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The 2017 Creative City Index

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Creative City Index

Much has been written about the role of the creative economy as a key indicator of economic health. The “rise of the creative class” and “creative clusters” are concepts that inform the larger conversation on cities as the economic drivers of regions. As a result, everyone from academics to governments are increasingly looking for ways to measure the scope and size of the creative economy.

According to the U.S. Bureau of Economic Analysis, the creative economy accounts for 4.2% of the GDP and is valued at $704 billion. It’s also a segment of the economy that’s still growing. For example, art director and graphic design jobs are growing across the country at rates of 9% and 13%, respectively.

While there is no consensus on where to draw the line on what jobs or sectors are “creative”, we do know that cities are the primary places where measurable creative activities take place.

Today’s infographic from Homes.com measures the number of creative jobs, creative schools, performing arts companies, and motion picture and video companies, to create the Creative City Index. While not comprehensive, it is an interesting snapshot of the creative economy of the country.

Measuring the Creative Economy

Regional Hubs

Perhaps surprisingly to some, St. Louis ranked highly in multiple categories, including education, with a high number of creative schools per capita. St. Louis also has a healthy motion picture and video editing sector.

As housing in larger cities continues to rise out of reach for many artists and creative professionals, smaller creative hubs like St. Louis and Minneapolis could benefit from an influx of people seeking a more affordable lifestyle.

Urban Heavyweights

New York ranked as not only America’s top creative city, but the world’s top creative hub according to a report by UNESCO and EY. As the chart below demonstrates, the creative sector is the fastest-growing segment of NYC’s economy, outpacing many traditional economic drivers.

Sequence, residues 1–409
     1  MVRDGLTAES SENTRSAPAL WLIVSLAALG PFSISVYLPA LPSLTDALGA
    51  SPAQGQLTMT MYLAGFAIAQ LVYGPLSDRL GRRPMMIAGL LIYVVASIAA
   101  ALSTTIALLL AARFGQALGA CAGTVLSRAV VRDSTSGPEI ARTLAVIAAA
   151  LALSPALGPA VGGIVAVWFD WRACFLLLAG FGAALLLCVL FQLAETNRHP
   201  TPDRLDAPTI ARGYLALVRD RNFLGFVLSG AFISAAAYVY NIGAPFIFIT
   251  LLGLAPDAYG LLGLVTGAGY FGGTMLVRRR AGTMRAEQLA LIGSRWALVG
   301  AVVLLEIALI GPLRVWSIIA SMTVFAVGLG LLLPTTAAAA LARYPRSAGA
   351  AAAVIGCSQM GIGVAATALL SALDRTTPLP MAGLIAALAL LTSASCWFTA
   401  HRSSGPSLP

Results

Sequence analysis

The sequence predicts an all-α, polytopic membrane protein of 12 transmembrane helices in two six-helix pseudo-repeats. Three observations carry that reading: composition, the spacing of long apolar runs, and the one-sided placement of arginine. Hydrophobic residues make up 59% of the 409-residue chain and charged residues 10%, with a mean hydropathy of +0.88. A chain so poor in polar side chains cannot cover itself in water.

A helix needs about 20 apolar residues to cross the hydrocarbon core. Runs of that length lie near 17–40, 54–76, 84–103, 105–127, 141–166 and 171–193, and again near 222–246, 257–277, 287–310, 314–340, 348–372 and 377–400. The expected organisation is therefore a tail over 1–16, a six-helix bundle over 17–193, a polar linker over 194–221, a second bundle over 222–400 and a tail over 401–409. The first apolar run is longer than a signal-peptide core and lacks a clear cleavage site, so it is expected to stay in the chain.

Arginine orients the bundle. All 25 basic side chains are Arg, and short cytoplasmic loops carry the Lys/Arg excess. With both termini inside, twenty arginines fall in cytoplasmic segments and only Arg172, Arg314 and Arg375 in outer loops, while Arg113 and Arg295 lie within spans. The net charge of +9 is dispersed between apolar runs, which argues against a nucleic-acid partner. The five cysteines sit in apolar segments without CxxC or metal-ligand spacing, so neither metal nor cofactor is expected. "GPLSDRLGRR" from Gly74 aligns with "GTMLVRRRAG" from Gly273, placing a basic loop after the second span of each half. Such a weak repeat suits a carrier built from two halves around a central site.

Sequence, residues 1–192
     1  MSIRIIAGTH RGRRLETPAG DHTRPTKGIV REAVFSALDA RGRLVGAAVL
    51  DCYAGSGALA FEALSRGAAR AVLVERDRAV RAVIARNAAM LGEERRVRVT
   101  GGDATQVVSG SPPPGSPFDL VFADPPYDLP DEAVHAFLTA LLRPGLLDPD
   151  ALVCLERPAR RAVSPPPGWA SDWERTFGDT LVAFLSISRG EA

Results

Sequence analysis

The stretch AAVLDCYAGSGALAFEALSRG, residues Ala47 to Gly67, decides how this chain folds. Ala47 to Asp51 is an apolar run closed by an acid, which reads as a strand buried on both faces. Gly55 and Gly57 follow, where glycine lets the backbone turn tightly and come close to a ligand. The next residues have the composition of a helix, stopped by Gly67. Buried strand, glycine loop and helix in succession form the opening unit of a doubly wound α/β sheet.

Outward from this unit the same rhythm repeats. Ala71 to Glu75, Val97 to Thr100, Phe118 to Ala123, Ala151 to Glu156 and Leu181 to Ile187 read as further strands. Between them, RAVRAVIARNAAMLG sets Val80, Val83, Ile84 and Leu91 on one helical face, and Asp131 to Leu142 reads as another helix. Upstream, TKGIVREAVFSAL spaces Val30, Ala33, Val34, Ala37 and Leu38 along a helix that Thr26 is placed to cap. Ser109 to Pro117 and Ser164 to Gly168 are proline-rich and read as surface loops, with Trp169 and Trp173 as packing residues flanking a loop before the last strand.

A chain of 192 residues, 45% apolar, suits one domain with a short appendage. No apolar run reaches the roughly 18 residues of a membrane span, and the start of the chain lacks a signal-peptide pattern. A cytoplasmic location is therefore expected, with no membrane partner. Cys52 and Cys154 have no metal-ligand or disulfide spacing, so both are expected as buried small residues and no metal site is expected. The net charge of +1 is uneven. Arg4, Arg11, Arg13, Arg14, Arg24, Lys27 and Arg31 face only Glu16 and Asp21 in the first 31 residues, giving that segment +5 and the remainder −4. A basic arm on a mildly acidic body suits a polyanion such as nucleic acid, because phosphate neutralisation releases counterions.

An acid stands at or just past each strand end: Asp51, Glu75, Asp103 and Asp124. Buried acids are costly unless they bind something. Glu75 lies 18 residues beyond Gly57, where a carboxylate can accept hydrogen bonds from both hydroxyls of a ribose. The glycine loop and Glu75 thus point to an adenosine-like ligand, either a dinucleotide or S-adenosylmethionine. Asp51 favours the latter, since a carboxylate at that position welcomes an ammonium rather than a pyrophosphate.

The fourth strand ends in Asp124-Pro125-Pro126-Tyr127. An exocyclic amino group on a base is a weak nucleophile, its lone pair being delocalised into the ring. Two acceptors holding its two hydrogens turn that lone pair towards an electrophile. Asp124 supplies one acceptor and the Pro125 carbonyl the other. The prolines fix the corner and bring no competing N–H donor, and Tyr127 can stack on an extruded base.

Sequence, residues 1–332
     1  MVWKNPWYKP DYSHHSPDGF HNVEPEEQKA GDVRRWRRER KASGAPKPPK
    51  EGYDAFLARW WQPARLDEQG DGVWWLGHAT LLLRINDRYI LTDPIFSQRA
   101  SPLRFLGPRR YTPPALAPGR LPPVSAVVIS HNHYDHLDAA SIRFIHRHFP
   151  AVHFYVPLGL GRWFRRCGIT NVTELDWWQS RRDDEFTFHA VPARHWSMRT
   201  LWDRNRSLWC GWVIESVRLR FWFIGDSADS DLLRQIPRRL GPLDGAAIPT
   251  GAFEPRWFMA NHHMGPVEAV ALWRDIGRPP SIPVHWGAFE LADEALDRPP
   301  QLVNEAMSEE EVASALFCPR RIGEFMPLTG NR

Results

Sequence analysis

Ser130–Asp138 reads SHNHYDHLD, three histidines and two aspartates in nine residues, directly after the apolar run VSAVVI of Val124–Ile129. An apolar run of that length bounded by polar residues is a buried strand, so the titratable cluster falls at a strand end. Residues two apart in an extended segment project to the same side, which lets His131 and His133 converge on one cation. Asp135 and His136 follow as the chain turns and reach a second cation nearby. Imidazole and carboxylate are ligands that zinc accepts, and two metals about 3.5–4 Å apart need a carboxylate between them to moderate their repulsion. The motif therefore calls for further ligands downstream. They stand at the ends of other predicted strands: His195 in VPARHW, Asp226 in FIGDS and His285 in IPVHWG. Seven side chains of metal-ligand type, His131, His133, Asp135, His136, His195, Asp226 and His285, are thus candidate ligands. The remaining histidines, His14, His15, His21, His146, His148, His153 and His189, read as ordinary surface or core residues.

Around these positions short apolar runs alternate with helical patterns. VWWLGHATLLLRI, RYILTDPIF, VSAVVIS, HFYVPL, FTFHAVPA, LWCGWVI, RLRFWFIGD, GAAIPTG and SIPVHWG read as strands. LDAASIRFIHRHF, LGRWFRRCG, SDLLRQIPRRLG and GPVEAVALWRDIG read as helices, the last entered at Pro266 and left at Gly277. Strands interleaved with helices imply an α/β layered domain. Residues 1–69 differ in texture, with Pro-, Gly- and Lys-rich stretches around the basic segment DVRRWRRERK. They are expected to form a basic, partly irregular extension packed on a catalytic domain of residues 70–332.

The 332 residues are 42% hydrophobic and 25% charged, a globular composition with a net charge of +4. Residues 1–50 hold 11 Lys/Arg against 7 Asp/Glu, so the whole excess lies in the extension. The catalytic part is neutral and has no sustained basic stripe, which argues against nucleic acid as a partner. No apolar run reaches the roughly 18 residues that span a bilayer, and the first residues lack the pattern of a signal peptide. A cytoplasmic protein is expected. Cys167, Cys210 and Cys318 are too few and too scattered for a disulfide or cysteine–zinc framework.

NYC creative job growth

Not surprisingly, New York City dominates in specific creative categories. For example, 28% of the nation’s fashion designers reside in the five boroughs.

As it turns out, creative economies in larger cities benefit immensely from specialization. In the visualization below, orange dots represent creative jobs in sectors more unique to that metro area. The yellow dots represent more common creative jobs. Essentially, Boston’s creative jobs are tied to industries that are unique to that region, while a city like Las Vegas (which ranked low in the index) offers creative jobs that are less specialized.

specialized creative job clusters

The pathway to a robust creative economy requires creative jobs to grow alongside other specialized non-creative industries. This is a major reason cities with a strong technology industry presence also tended to rank well on the Creative City Index.

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China

The People’s Republic of China: 70 Years of Economic History

How did China go from agrarian economy to global superpower? This timeline covers the key events and policies that shaped the PRC over its 70-year history.

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Chart: 70 Years of China’s Economic Growth

View a high-resolution version of this graphic here.

From agrarian economy to global superpower in half a century—China’s transformation has been an economic success story unlike any other.

Today, China is the world’s second largest economy, making up 16% of $86 trillion global GDP in nominal terms. If you adjust numbers for purchasing power parity (PPP), the Chinese economy has already been the world’s largest since 2014.

The upward trajectory over the last 70 years has been filled with watershed moments, strategic directives, and shocking tragedies — and all of this can be traced back to the founding of the People’s Republic of China (PRC) on October 1st, 1949.

How the PRC Came to Be

The Chinese Civil War (1927–1949) between the Republic of China (ROC) and the Communist Party of China (CPC) caused a fractal split in the nation’s leadership. The CPC emerged victorious, and mainland China was established as the PRC.

Communist leader Mao Zedong set out a few chief goals for the PRC: to overhaul land ownership, to reduce social inequality, and to restore the economy after decades of war. The first State Planning Commission and China’s first 5-year plan were introduced to achieve these goals.

Today’s timely chart looks back on seven decades of notable events and policies that helped shape the country China has become. The base data draws from a graphic by Bert Hofman, the World Bank’s Country Director for China and other Asia-Pacific regions.

The Mao Era: 1949–1977

Mao Zedong’s tenure as Chairman of the PRC triggered sweeping changes for the country.

1953–1957: First 5-Year Plan
The program’s aim was to boost China’s industrialization. Steel production grew four-fold in four years, from 1.3 million tonnes to 5.2 million tonnes. Agricultural output also rose, but it couldn’t keep pace with industrial production.

1958–1962: Great Leap Forward
The campaign emphasized China’s agrarian-to-industrial transformation, via a communal farming system. However, the plan failed—causing an economic breakdown and the deaths of tens of millions in the Great Chinese Famine.